By Majid Morcelli
By Majid Morcelli
San Francisco – When I was in growing up in Morocco, my mother has always insisted that I should think about others before thinking about myself.
I remember the days when I came home for late lunch or dinner after spending time hanging out with friends, and my mother would hand few dirhams to go get me a sandwich, my favorite bread and tuna “Sevillana”.
The reason I could not eat at home was because in our Moroccan culture, when friends or relatives show up without warning, as they always do, we have no choice but to serve them whatever we have available. That is exactly what my mother did often: she served whatever food was available to our guests, and if any of my siblings or myself ended up without lunch or dinner, so be it. Our guests came first. This is not something done only in my family. Every Moroccan family that I know acts in the same manner. We always treat our guests better than we treat ourselves.
Morocco is very well known for its hospitality. The majority of people who have visited Morocco and were lucky enough to be hosted by a Moroccan family will attest to this fact.
When the Algerian soccer team ES Setif landed in Casablanca for their CAF game, we treated them with the utmost respect and hospitality. During and before the game, Raja fans were chanting “7na khawa, mashi 3dawa, ya jazair”, which translates as “Algerians, We are brothers not enemies.” And to be fair to the Algerian people, the majority of them feel the same way about Morocco.
Moroccans are born to be giving and welcoming. It’s in our genes, and we are better with others than amongst ourselves. We make sure that our guests feel like they are in their second homes, far away from home.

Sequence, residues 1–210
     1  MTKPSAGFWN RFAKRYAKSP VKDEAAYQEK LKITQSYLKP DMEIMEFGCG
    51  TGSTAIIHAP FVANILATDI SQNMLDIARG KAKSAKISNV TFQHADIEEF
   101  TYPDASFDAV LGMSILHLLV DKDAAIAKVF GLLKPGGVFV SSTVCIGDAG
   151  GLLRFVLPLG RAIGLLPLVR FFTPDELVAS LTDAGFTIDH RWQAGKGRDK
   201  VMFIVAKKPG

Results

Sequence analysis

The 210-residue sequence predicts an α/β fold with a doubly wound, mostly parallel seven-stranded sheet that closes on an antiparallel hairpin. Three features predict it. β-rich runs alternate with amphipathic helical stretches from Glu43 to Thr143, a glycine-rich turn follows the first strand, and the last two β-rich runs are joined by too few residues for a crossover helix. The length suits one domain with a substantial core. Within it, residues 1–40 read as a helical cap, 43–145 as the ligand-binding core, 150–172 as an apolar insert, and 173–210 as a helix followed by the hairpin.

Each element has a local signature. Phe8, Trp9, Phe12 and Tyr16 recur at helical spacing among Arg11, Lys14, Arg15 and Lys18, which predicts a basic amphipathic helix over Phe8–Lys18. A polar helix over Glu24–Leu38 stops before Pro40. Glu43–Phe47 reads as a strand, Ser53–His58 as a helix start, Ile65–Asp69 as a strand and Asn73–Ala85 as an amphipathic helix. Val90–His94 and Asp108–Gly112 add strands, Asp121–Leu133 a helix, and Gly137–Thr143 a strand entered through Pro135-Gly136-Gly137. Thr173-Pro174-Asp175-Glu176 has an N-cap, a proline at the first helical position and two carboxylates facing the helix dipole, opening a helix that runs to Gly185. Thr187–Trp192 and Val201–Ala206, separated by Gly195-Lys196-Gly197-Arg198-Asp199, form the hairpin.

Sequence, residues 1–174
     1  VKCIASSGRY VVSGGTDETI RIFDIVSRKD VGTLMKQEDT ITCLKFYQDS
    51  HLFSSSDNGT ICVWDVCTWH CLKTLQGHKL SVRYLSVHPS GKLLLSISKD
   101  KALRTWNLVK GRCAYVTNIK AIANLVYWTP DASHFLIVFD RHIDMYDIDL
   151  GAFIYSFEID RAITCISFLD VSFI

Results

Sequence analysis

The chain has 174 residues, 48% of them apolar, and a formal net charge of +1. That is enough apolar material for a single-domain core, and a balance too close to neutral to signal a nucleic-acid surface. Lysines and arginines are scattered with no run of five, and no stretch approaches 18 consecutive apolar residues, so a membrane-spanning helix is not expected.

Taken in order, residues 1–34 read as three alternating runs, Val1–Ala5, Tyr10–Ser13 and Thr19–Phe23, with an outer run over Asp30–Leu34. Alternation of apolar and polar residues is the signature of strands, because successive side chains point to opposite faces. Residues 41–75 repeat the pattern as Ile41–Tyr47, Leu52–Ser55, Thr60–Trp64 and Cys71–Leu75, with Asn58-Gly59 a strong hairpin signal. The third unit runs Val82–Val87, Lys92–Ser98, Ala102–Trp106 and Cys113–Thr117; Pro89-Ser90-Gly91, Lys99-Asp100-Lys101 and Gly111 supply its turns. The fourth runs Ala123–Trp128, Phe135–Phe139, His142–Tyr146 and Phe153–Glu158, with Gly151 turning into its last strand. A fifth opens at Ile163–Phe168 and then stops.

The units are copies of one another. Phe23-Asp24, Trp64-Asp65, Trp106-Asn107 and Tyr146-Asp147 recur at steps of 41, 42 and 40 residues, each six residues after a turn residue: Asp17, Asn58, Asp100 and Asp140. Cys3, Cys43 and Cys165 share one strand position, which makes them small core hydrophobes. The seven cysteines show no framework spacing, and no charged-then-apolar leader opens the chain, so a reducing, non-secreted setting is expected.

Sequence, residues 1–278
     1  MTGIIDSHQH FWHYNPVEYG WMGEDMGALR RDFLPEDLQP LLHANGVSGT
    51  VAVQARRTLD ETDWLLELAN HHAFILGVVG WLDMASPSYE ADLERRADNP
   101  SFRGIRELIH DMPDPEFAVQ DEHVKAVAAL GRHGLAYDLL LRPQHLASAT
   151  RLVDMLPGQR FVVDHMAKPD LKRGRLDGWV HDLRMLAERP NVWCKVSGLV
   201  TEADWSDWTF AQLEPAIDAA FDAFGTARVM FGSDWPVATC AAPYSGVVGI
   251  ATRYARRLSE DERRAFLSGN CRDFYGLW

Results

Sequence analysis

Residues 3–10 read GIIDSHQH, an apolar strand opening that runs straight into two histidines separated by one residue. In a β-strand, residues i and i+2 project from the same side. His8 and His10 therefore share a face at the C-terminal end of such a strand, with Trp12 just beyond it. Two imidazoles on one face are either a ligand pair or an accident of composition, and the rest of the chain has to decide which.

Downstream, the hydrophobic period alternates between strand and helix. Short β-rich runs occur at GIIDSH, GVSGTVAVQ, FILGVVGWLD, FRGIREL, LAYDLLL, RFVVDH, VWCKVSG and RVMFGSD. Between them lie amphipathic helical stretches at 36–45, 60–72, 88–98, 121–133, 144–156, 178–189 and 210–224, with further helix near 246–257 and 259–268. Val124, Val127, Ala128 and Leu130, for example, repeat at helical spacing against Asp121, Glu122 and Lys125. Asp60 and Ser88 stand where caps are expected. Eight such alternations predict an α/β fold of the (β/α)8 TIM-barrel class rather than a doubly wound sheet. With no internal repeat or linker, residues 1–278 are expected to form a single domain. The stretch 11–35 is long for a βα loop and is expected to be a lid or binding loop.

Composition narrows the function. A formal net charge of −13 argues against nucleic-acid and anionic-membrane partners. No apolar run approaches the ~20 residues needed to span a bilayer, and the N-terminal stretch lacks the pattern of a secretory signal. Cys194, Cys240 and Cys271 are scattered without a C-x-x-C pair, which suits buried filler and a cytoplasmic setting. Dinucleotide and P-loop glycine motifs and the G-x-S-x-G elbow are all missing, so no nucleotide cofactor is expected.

The sad events that took place in Algeria are not the work of Algerian fans. Moroccans present at the game have confirmed to the media that Algerian fans were not the ones beating, spitting on, and calling Moroccan fans Jews.
Algerian security personnel and executives are the ones who perpetrated the attacks and the insults. Video clips posted on the Internet show clearly what Moroccan fans have been subjected to. Raja fans were supposed to stay in Algeria until Sunday, and believe or not, most of them will stay in Algeria until Sunday. The majority of fans have said that the Algerian people have been kind to them. As a matter of fact, when the Algerian police were beating up Moroccan fans, Algerian fans in the stadium were whistling, a sign of disapproval of the actions of the security officers.
What has taken place was not a random act. It is part of a calculated plan by the Algerian regime to create hatred between the people of Morocco and the people of Algeria. Again, the regime’s evil plan has not and will not work. The next time an Algerian team plays in Morocco, Moroccans will be even more welcoming to Algerians. The reason is very simple: “7na khawa mashi 3dawa.” There is nothing the Algerian regime can do to stop the mutual respect between Moroccans and Algerians.
It has been 60 years since Moroccans and Algerians were separated against their will, but we should not worry. The winds of change are closing in on Algeria, and more and more Algerians are starting to realize that their regime is nothing but an obstacle to peace and prosperity. Algerians are starting to hate the fact that out of its 40 million people, their regime is run by someone confined to a wheelchair.
Ambulances taking Moroccan fans to the hospital are not even equipped with basic necessities such as oxygen, but when people from this rotten regime fall ill, they get their care from the best Europeans hospitals, while the people of Algeria are suffering and living as if Algeria is poor third world country.
If you are Moroccan reading this article, be proud that you are Moroccan. We have our shortcomings, but we are good people. If you are Algerian, judge for yourself what your regime is doing to you and to others, but as a Moroccan, I have to repeat the Rajaoui fans slogan: “7na khawa, mashi 3dawa.”
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